There are many good reasons for choosing Chapter 13 Bankruptcy over Chapter 7 Bankruptcy. First, it is ideal for anyone who needs more time to pay off debts. It is also good for those who have income to undergo Chapter 13 liquidation. In addition, Chapter 13 Bankruptcy offers protection for liable co-signers.
Will Chapter 13 Save Your Home?
If your home is about to be foreclosed upon, Chapter 13 can help. It involves taking the following steps:
- Devise an approved repayment plan that includes missed payments.
- Remain current on your mortgage.
Will Chapter 13 Allow You to Keep Your Assets?
You are allowed to keep all property, no matter what the current value may be. However, you must be able to pay unsecured debtors the amount of money you would lose on that property if you had filed for Chapter 7 Bankruptcy.
Want to Know How to Start the Chapter 13 Bankruptcy Process?
First things first. Determine if you are a good candidate for Chapter 13 Bankruptcy. We can discuss your financial needs and options during a free consultation.
How Does the Chapter 13 Bankruptcy Process Work?
First, you must file a petition with the bankruptcy court where you live.
The court will ask for the following information when you to file:
- A list of your assets and liabilities
- A list of monthly existing income and expenses and other information if you are expecting an income increase after the file date.
- A list of executory contracts and unexpired leases
- A statement of financial affairs per- Fed. R. Bankr. P. 1007 (b)
- A certificate of credit counseling
- A copy of debt repayment plan created via credit counseling
- Proof of employer payment, if it was made 60 days before the petition file date
- A list of interest on federal or state qualified tuition or education per 11 U.S.C. 521.
What You Need To Do Next
You must also provide the Chapter 13 case trustee with a copy of your most recent tax returns and transcripts. This includes tax returns filed during the case and any other returns that were not filed before the case. Married couples can file either joint or individual petitions.
The petition isn’t complete until the debtor provides the following requested information on all Official Bankruptcy Forms:
- Income Source
- Income Frequency
- Income Amount
- A list of monthly living expenses. For example, food, utilities, lodging, transportation, medical costs, clothing, and taxes.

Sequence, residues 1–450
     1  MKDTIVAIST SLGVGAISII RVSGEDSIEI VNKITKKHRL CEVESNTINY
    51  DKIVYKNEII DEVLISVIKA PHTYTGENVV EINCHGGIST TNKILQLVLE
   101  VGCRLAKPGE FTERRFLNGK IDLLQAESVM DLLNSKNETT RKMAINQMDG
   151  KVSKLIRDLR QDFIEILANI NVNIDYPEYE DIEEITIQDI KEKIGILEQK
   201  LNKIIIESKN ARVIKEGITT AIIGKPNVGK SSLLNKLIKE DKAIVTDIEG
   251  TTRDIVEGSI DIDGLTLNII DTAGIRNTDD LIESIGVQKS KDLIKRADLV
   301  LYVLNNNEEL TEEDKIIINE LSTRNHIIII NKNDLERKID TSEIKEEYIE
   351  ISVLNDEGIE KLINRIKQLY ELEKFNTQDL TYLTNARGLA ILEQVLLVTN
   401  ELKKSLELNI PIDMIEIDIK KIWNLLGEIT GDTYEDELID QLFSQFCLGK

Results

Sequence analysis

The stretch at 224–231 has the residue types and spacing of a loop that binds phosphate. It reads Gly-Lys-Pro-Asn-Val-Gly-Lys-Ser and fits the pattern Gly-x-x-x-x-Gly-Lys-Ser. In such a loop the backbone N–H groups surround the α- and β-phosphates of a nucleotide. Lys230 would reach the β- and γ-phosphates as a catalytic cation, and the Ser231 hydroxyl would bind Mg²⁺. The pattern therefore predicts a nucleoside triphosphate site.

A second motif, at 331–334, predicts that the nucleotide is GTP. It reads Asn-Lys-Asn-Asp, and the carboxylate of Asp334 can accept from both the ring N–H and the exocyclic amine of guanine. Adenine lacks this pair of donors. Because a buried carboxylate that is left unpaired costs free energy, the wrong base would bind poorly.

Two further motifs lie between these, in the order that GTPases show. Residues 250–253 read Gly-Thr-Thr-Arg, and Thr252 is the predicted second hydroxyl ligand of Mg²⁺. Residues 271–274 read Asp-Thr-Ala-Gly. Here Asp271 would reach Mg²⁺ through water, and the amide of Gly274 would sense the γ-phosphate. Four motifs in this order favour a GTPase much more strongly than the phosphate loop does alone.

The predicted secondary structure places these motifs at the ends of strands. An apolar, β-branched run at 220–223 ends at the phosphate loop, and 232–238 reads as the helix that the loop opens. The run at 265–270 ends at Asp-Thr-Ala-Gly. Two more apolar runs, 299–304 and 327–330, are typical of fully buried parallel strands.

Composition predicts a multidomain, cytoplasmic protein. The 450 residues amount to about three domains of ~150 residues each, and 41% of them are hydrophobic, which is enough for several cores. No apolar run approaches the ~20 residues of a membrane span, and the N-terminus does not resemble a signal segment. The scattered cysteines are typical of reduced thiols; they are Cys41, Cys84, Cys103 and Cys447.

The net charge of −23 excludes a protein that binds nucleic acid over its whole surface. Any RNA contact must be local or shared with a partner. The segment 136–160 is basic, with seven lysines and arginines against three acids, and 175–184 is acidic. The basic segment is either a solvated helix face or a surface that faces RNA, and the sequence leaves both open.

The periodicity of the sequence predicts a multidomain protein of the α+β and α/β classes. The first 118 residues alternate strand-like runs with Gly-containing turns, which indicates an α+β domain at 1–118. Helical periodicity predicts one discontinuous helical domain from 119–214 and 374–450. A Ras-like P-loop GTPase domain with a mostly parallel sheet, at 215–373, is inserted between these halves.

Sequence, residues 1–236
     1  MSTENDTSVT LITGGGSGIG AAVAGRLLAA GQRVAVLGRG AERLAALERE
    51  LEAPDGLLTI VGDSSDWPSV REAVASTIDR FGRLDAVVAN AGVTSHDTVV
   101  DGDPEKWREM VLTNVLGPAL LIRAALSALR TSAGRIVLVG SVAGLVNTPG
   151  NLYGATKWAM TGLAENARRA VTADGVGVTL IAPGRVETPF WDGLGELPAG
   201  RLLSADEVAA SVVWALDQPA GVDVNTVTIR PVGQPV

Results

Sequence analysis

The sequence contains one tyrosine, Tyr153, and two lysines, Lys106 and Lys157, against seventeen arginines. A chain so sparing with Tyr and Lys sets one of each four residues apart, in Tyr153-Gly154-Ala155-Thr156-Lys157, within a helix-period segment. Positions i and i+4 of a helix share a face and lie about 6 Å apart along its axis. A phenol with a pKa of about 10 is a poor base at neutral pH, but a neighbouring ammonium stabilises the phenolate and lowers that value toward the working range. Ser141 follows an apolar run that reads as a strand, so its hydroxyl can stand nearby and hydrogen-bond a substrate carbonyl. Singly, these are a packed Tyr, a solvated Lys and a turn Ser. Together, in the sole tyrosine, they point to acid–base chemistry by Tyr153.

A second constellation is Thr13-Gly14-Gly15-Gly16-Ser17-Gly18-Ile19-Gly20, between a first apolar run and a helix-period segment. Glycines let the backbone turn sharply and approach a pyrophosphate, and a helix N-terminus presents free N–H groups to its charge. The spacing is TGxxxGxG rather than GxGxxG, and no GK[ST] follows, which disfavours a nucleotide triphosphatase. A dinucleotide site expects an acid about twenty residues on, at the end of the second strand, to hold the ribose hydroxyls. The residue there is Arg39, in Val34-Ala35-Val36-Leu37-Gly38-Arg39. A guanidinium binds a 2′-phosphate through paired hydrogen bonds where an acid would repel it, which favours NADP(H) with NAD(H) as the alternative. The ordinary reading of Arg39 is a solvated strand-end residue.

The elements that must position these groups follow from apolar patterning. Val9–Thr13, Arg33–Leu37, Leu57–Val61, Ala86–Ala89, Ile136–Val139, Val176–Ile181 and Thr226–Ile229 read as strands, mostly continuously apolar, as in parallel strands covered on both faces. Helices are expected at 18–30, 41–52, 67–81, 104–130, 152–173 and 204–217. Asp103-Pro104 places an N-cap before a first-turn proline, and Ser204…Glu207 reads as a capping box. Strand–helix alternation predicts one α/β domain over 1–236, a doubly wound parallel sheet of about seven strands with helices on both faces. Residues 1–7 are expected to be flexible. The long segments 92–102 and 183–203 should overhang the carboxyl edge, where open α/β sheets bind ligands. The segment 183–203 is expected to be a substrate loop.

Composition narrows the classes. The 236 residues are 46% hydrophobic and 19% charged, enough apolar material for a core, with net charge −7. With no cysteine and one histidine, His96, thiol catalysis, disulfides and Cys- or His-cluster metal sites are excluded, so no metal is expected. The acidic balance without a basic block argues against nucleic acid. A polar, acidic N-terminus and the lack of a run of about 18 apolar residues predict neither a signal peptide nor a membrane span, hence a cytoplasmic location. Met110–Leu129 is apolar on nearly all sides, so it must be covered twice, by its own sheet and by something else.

Keep in mind, you can save your home from foreclosure immediately, once you file for Chapter 13 bankruptcy. You are given a certain amount of time to bring your mortgage up to date. Unfortunately, you could still lose your home if the mortgage company sells your home before you file per 11 U.S.C. 1322 (c ). You could also lose your home if you do not make regular mortgage payments after the petition is filed.
Chapter 13 Trustee
The chapter 13 trustee will meet with your creditors anywhere between 20 to 50 days after the petition is filed. If the meeting is held in a place that does not have an assigned U.S. trustee or other bankruptcy staffing, the meeting must still take place within 60 days per Fed.R.Bankr.P. 2003(a).
You will be placed under oath during this meeting and questioned by both the trustee and your creditors. You are required to attend the meeting and answer all questions about the proposed terms of the plan per 11 U.S.C. 343. The best way to ensure everything goes smoothly is to complete all paperwork, and make sure all info is factual. Also, consult with a lawyer.
Once the meeting is over, a hearing will be scheduled to discuss your chapter 13 repayment plan. Your case trustee and interested creditors are allowed to attend the hearing.
There are particular debts that can be discharged with Chapter 13 Bankruptcy, and not with Chapter 7 Bankruptcy. They include the following:
- Debts connected with a willful and malicious injury to property.
- Debts incurred to pay tax obligations that can’t be discharged.
- Debts incurred due to divorce or separation property settlements. 11 U.S.C. 1328(a).
We can help you to get debt relief. Contact us to find out if you are eligible for Utah Bankruptcy relief. We provide you with answers to the general about debt relief or how our services work. Contact us by phone at (801) 432-8682. We serve all of Utah.